I’ve been working on this post forever! I figured it’s time to finally give up on the editing I keep saying I’m going to do and just put it up already.
When I gave up on my haircutting phase, I grew up from an obnoxious kid into a silly teenage girl. And like most other silly (nerdy) teenage girls I wanted to wake up one morning transformed into an extremely beautiful magical girl so I could go into the world and fight evil–preferably with a super handsome magical protector by my side. We would of course fall desperately in love as I lay in his arms wounded after a fight and his love would give me the will to continue living in spite of the dire circumstances. After I magically recovered my strength, I would go on to slay the “boss monster” or complete my final quest. Then my magical, super handsome protector and I would live happily ever after.
Right. So clearly this never happened. Eventually, I evolved from a silly teenage girl into a cynical college student who would rather have someone pay for her textbooks and random online purchases than be her magical protector. I have no magical powers save the ability to waste ridiculous amounts of time. Point being, there is no such thing as a magical girl and if there is, the 11:11, birthday, and eyelash fairies owe me big time.
I’m happy to admit that I am not super into shoujo anymore, at least not in terms of what I am watching and plan to watch in the future. However, that doesn’t mean that I don’t still appreciate the genre for what it is. It also holds a special nostalgia value for me as that was primarily what started out my anime-watching career. Not to mention, I am still a fairly romantic person and up until probably a year ago still had the occasional musings of being swept up my feet by a mysterious, handsome stranger who claimed to be my soul mate. (I’m still waiting for Iskandar!) I mean let’s be honest though, what single girl doesn’t secretly dream or at least think about this happening? This is the reason that awful books like Fifty Shades of Grey and Twilight gain so much popularity. Most girls want to believe that there is some magical fantasy land waiting for them where they never have to do homework or share a room with their siblings and they get to fall in love with some gorgeous, romantic guy. And I mean when you’re an awkward pimply-faced teenager or a bored housewife that sounds pretty freaking awesome.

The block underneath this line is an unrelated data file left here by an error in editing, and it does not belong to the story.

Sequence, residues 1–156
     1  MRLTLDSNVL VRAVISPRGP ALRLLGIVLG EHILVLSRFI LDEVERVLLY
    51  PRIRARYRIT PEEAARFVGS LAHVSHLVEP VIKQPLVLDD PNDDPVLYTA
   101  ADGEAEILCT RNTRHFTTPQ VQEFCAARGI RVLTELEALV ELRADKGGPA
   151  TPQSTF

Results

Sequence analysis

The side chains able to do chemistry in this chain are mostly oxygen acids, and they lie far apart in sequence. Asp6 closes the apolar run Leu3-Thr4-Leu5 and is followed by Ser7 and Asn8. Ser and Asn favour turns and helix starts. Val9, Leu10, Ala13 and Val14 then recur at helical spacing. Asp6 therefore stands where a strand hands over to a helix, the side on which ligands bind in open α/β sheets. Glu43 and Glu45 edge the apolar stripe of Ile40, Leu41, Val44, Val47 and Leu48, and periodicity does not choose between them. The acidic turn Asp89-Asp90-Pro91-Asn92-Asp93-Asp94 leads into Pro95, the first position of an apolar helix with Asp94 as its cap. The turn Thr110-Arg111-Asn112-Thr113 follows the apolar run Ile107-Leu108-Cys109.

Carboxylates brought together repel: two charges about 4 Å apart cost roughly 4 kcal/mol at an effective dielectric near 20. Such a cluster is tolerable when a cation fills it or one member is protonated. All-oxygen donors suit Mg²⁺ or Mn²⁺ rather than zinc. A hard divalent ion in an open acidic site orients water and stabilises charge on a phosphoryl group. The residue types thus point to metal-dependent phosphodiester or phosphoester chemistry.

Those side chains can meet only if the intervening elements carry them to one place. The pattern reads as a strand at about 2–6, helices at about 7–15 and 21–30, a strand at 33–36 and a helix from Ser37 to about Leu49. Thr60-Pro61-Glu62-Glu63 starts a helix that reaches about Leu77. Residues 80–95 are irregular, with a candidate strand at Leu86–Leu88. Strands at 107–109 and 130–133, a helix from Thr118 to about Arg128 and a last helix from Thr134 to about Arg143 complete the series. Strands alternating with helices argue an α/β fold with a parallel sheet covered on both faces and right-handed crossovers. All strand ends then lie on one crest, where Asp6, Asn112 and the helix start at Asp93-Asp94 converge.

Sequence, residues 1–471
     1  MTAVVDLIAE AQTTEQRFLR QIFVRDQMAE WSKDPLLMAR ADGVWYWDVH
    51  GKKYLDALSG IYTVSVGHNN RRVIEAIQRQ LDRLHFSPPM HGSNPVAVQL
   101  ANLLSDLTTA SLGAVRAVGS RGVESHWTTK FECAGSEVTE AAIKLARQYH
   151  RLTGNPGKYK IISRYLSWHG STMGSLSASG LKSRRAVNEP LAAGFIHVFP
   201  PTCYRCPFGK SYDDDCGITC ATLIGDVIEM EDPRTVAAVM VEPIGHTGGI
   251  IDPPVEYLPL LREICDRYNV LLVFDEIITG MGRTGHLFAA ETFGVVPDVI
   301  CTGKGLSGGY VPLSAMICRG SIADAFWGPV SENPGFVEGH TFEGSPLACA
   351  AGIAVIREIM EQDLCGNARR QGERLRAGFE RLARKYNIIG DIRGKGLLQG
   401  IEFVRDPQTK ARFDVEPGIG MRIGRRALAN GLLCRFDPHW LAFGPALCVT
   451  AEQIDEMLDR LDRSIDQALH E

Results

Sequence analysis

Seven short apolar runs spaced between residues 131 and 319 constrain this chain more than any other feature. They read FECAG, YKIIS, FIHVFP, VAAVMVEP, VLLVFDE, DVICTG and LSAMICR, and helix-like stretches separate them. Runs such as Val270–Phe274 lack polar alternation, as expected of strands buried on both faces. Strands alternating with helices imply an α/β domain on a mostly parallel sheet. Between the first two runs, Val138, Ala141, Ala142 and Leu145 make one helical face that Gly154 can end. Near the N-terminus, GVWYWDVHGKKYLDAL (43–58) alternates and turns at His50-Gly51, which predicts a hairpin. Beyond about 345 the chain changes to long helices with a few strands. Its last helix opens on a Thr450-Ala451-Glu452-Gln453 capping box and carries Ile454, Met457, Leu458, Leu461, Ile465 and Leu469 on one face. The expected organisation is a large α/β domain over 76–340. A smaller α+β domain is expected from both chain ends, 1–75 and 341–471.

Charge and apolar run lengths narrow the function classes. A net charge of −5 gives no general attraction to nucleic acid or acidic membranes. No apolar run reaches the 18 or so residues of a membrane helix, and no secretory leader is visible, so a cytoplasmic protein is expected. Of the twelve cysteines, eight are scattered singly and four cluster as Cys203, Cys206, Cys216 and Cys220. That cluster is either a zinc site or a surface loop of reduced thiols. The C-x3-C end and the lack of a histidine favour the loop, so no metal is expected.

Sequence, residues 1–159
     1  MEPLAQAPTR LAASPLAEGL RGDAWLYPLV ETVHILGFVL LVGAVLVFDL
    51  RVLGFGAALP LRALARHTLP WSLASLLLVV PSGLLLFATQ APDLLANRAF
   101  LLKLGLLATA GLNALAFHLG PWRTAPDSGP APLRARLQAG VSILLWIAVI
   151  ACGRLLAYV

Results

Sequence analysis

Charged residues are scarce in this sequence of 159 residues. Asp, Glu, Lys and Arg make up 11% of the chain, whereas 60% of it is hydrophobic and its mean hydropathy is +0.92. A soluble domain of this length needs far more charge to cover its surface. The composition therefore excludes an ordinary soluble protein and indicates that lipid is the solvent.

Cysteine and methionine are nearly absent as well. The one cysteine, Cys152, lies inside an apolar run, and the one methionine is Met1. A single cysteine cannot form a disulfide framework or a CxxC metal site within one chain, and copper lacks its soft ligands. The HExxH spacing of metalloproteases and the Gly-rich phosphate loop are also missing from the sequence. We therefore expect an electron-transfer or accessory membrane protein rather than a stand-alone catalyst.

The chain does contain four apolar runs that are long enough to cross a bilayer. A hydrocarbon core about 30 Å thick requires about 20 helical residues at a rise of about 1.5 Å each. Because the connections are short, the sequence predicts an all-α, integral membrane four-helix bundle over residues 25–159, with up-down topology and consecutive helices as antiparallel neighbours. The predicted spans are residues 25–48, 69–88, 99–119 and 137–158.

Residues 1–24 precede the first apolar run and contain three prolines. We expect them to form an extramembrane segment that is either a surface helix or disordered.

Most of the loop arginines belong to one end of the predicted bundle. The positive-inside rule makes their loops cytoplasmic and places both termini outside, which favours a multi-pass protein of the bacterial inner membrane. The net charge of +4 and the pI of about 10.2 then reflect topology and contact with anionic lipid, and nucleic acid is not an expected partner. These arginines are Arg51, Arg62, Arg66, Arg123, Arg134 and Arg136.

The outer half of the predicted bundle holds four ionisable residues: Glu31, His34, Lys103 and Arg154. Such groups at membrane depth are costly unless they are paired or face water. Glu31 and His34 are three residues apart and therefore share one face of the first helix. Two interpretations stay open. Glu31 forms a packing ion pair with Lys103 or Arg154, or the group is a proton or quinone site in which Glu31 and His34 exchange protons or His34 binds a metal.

(I will be talking about predominantly fantasy-esque shows with magical girls in them because that is the type of shoujo I tend to watch and I think I can make my points just fine with using only those.)
I doubt that I am the first person to make these points so I’ll try and keep it to things I think are strictly relevant. People love to criticize the genre as being stupid and unrealistic, but seem to forget that so many other non-shoujo shows can just as easily fall under these classifications. It isn’t about the genre–it’s entirely dependent on the show. Shoujo of course has its moments (many of them) of stupidity and a fair share of vapid heroines, but so does anime in general. You will find the same types of girls, often worse, in harem shows. Of course, this is another genre that gets a lot of flack, yet it seems to be much more popular. Yet for whatever reason, the anime community seems to be much more forgiving of other genres. They will pinpoint specific shows that suck or a specific theme, but they won’t for the most part throw an entire type of anime under the metaphorical bus.
I am not a feminist, much to the chagrin of many of my friends at school, but I do have to give some legitimate props to shoujo heroines. True they are not generally intellectual or clever, but they have some serious courage and empathy–many things that other anime characters lack. I will give you that this courage often stems from being impulsive – I mean Aya (Ayashi no Ceres) runs after a mugger and ends up falling off a bridge and Himeno (Pretear) runs off with some of the younger Leafe Knights to destroy more demons and finds herself in over her head. However, regardless of the rationality behind these actions, both are done because the heroines believe that what they are doing is right. And who are we to argue? In their own silly ways, these girls promote valiant actions. What I don’t understand is why we as a society don’t see this as a form of strength. Being strong doesn’t necessarily mean slaying a villain or saving the world (although many of these girls eventually do). Sometimes doing the right thing or being kind and caring is enough.